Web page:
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What's the recommended "server" hardware for a new ACT 2011 Premium Installation?

We are getting ready to switch over to ACT from an old program, we've got about 15 users total, but only about 6-8 users that will actively be in the program at a time.  We'll be using ACT Premium 2011 and I'm going to buy a new computer to host the centralized database on our network.  My question lies in what hardware to use.  I've read the Sage website and see all the minimum requirements, but what's going to make it run the quickest?

It appears that I'll just be getting a Windows 7 Professional machine, 32 bit since ACT doesn't use 64, 4 gig of RAM, probably RAID a couple of 500 gig hardrives for plenty of space and some on site backup of the data.  

My question lies in the processor.  I'm going to likely buy a Dell, I figured on one of their Optiplex systems due to the RAID options and likely an Intel i5 dual core processor.  My question is with the way ACT utilizes processing power and the like.  Is there any advantages of stepping up to an i7 or even down to an i3, what about Xeon processors?  I want to get the best machine within reason and don't want to pay for some uber hot processor that ACT might not even utilize all of the power of if I will see no benefit.

So, what's the "best" hardware configuration for something like this?

Thank you,
3 Solutions

ACT is not heavy on processing power and doesn't need that amount of space on the server.  The ACT database is relatively small as all attachments are stored outside the db and in its native folder structure. It also supports 64bit architecture.

I would suggest server 2008 r2 rather than windows 7 as you will have the limitation of a maximum of 10 concurrent network connections for Windows 7.

4 - 8Gb's of RAM is sufficient for the server dependant on the usage needed. Dual core processor will be fine.
Reading your posts, there are a number of items to note on here.

1) You are mixing server class hardware and workstation class. In some instances, this is fine, but depending on what you are doing, it is not recommended. You pay more for server class hardware, but you should see the performance, but you may not need it for just ACT 2011. Server class tends to be more reliable and the technology lasts a bit longer. Xeon is a server class processor. The "I" processors are workstation class.
2) You asked what would be the quickest, but I do not believe that you would pay that price, so I would recommend something that is both quick and can perform.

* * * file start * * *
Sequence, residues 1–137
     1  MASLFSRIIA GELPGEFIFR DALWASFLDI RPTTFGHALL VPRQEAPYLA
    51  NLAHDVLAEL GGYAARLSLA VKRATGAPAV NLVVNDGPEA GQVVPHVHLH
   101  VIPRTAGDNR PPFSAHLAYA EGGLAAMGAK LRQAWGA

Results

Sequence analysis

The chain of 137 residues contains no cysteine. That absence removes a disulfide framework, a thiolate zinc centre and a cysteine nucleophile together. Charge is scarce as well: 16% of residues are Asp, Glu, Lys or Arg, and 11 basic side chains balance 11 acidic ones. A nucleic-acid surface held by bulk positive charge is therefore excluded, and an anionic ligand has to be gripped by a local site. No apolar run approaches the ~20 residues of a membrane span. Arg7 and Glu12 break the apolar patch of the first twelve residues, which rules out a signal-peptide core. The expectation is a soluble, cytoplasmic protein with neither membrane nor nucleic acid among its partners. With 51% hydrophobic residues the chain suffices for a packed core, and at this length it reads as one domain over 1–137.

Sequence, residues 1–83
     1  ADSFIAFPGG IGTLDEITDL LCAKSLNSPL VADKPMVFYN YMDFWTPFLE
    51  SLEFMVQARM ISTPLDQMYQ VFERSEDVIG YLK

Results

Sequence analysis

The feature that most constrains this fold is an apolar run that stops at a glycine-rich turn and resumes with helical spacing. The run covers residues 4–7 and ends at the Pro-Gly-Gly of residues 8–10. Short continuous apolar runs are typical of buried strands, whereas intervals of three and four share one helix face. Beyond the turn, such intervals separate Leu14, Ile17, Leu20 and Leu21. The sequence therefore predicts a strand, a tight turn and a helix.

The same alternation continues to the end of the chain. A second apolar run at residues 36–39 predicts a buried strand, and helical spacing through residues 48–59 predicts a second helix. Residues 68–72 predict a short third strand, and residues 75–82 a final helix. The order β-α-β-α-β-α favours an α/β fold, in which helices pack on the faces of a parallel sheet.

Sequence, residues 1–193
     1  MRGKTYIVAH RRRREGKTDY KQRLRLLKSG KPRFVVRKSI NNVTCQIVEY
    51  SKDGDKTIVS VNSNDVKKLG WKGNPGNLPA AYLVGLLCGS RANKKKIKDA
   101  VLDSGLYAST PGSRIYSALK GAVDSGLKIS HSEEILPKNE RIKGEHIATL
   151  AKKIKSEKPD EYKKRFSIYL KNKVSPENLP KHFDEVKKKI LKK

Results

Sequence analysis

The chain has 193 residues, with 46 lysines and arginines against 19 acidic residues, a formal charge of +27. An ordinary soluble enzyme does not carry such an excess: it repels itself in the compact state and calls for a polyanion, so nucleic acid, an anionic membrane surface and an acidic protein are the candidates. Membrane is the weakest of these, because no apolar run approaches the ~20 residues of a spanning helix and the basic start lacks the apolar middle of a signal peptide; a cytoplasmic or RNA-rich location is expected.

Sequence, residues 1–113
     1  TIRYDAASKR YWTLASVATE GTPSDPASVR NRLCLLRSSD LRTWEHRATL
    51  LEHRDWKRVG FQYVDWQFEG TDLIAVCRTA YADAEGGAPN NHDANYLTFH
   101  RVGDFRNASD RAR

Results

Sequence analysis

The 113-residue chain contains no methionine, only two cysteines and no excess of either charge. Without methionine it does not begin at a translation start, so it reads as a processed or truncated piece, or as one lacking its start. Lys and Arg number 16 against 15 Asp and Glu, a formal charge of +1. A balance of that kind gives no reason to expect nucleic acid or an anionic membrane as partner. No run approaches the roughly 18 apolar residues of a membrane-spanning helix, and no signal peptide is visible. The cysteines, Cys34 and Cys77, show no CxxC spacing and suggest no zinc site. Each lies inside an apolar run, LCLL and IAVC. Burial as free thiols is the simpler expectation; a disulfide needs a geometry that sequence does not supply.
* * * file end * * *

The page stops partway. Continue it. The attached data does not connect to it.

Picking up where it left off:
3) This one is a big, RAIDing a hard drive is NOT an effective way to backup your data. This could help in the case of drive failure, but in the case of data corruption, you could be without a backup. Please do backup your data, but do not rely on just RAIDing a HD. Use RAIDING more for performance and a primitive backup rather than your main backup.

So with that said, could you run this on an Optiplex, yes. It may run just fine. I would go with either the i5 or i7 processor. I would stay away from the i3. Concerning RAM, 4 would be the base that I would have in it. With hard drives, put in the fastest hard drives that you can and RAID 0 should be fine because your reads should be much quicker.

That is if you go workstation class.

My preference would be server class with at lease 1 Xeon processor, Server 2008 R2, minimum of 4 Gb RAM, 15K SAS or if you have to, SATA, HDs, and 1 RAID 0 and 1 RAID 10. RAID 0 for OS and RAID 10 for data/logs. This would be a little overkill for now, but would last awhile and be able to handle expansion.

Mike LazarusAct! Evangelist - CRM ConsultantCommented:
these suggestions may change if running other services on the server.

ACT! will run on a 64bit OS... but that's only useful if you have >4GBB RAM
As 59cal mentioned, a high power processor is only useful for large numbers of users or if hosting ACT! for Web

ACT! SQL will only use 1GB RAM and 1 processor unless you get SQL Standard ... however, extra RAM/processor can be used by the OS

As to size, unless using lots of picture fields and large attachments, this is not going to be an issue.

Possibly the most important area is the speed of the drive subsystem... get 15K RPM drives for best performance (or SSD for ultimate). RAID 10 or 6 are usually best, depending on the controller.
Mike LazarusAct! Evangelist - CRM ConsultantCommented:
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